Field Notes from Hawk Meadow:
Orchard Mason Bees
When I first moved to this farm I noticed in the spring that the east side of my house, where the sun would warm it up in March and April, would be alive with what appeared to be flies. There were so many that I thought maybe I needed to call the exterminator. But since they seemed to be doing nothing I left them be for the moment and I began observing them.
Soon I discovered that these were Orchard Mason Bees. Many portions of my house are sided with a double course of shingles. This was curious, and I guess the original builder had a lot of shingles, and time. The end result, however, is that perfect tunnels were created from this method of shingling, tunnels that the Orchard Mason Bees had been utilizing for decades to build their nests.
I learned to build my own simple nest blocks to help propagate the bees (here you can see one going into its hole). Here they lay their eggs and seal them in with mud to wait for the following spring. The bees do not sting, make honey, or form colonies like bees we are more familiar with. But they are superior pollinators, and very active in the early spring when temperatures are too low for honeybees.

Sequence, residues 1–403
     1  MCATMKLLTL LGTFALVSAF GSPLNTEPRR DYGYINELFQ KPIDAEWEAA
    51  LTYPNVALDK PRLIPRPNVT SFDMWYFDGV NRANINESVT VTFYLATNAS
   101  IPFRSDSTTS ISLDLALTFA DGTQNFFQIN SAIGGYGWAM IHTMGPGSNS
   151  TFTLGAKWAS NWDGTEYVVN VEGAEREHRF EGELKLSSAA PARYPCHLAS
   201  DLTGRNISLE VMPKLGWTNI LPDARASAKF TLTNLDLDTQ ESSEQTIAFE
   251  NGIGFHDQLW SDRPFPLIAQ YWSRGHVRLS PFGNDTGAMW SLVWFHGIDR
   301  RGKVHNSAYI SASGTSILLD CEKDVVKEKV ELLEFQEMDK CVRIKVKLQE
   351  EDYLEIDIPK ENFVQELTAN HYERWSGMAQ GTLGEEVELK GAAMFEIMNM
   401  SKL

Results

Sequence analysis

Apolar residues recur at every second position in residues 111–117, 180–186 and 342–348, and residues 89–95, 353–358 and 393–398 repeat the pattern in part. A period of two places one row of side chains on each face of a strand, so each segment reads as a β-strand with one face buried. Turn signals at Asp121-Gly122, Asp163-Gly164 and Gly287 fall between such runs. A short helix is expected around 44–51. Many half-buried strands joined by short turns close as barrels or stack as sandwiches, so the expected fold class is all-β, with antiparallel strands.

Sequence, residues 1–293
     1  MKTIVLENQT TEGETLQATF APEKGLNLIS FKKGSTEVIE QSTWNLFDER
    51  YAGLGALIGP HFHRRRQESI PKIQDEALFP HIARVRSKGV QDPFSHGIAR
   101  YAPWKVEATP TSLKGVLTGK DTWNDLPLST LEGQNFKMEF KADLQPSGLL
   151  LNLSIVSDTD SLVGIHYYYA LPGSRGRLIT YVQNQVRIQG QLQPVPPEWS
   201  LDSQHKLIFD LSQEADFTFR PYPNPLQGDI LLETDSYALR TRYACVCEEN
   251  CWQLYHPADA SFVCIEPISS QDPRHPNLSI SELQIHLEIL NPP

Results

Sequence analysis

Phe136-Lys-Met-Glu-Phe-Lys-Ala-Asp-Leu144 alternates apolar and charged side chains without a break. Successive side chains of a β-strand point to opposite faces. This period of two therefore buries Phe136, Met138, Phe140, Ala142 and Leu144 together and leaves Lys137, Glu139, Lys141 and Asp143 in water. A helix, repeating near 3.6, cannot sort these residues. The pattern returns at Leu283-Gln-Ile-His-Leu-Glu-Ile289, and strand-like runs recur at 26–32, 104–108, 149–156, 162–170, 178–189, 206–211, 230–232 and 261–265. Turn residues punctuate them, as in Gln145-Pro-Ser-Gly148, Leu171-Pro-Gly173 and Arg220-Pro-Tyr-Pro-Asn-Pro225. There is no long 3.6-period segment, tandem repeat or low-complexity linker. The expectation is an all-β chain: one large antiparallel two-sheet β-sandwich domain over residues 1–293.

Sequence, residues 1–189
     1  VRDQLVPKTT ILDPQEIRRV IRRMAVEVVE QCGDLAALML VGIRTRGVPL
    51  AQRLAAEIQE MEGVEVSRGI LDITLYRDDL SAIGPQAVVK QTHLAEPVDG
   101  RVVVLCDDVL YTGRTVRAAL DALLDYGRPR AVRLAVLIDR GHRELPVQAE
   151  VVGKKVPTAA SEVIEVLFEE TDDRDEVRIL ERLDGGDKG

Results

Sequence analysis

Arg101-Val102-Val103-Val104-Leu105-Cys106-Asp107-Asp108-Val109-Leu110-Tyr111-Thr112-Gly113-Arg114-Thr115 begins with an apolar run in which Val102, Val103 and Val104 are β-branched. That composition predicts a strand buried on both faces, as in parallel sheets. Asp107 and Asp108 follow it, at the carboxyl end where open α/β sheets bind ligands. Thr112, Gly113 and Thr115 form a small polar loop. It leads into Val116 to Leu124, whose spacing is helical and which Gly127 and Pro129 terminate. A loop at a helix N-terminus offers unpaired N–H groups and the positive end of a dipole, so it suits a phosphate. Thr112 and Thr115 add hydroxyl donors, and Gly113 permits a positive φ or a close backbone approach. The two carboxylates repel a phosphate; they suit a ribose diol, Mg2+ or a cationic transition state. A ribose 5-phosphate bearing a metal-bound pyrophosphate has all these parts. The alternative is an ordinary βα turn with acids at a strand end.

The early spring season is when fruit trees blossom. The area around my house had the remnants of a very old orchard that had nurtured the bees for many years. And, in turn, the bees had nurtured the trees. Here an old Gravenstein apple tree still blossoms beside my sauna shack.
The Orchard Mason Bees have a different body structure than honeybees, and work with a different action when they visit the blossom. Each blossom requires a few visits to become fully pollinated. The bees and the blossoms are shaped each to fit the other, and because Orchard Mason Bees ‘fit” better than other bees they can pollinate more completely with fewer visits, and also during the season when the blossoms are open.
Curiously, after discovering my bee inheritance I later did a remodeling job for the man who wrote the little book that had clued me into the whole Orchard Mason Bee story. It’s called "The Orchard Mason Bee", by Brian Griffin, self published and available at local bookstores, or through Knox Cellars Press.